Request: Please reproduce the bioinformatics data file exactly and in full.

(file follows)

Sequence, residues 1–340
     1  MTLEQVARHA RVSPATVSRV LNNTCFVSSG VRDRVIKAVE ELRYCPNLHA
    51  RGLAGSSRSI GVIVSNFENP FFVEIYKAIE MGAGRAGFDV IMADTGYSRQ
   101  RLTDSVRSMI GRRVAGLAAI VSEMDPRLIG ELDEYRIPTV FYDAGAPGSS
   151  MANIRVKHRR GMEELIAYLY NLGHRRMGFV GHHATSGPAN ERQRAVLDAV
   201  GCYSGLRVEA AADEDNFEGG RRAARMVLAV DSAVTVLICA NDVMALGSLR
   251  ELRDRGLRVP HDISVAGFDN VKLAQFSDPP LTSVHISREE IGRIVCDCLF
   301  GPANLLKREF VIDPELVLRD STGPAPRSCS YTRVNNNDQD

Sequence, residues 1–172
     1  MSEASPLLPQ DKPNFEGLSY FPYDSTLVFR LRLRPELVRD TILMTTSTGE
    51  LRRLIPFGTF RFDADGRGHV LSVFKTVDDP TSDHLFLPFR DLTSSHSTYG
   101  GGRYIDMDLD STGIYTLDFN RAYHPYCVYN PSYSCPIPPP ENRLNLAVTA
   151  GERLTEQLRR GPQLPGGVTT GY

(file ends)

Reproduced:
Sequence, residues 1–340
     1  MTLEQVARHA RVSPATVSRV LNNTCFVSSG VRDRVIKAVE ELRYCPNLHA
    51  RGLAGSSRSI GVIVSNFENP FFVEIYKAIE MGAGRAGFDV IMADTGYSRQ
   101  RLTDSVRSMI GRRVAGLAAI VSEMDPRLIG ELDEYRIPTV FYDAGAPGSS
   151  MANIRVKHRR GMEELIAYLY NLGHRRMGFV GHHATSGPAN ERQRAVLDAV
   201  GCYSGLRVEA AADEDNFEGG RRAARMVLAV DSAVTVLICA NDVMALGSLR
   251  ELRDRGLRVP HDISVAGFDN VKLAQFSDPP LTSVHISREE IGRIVCDCLF
   301  GPANLLKREF VIDPELVLRD STGPAPRSCS YTRVNNNDQD

Sequence, residues 1–172
     1  MSEASPLLPQ DKPNFEGLSY FPYDSTLVFR LRLRPELVRD TILMTTSTGE
    51  LRRLIPFGTF RFDADGRGHV LSVFKTVDDP TSDHLFLPFR DLTSSHSTYG
   101  GGRYIDMDLD STGIYTLDFN RAYHPYCVYN PSYSCPIPPP ENRLNLAVTA
   151  GERLTEQLRR GPQLPGGVTT GY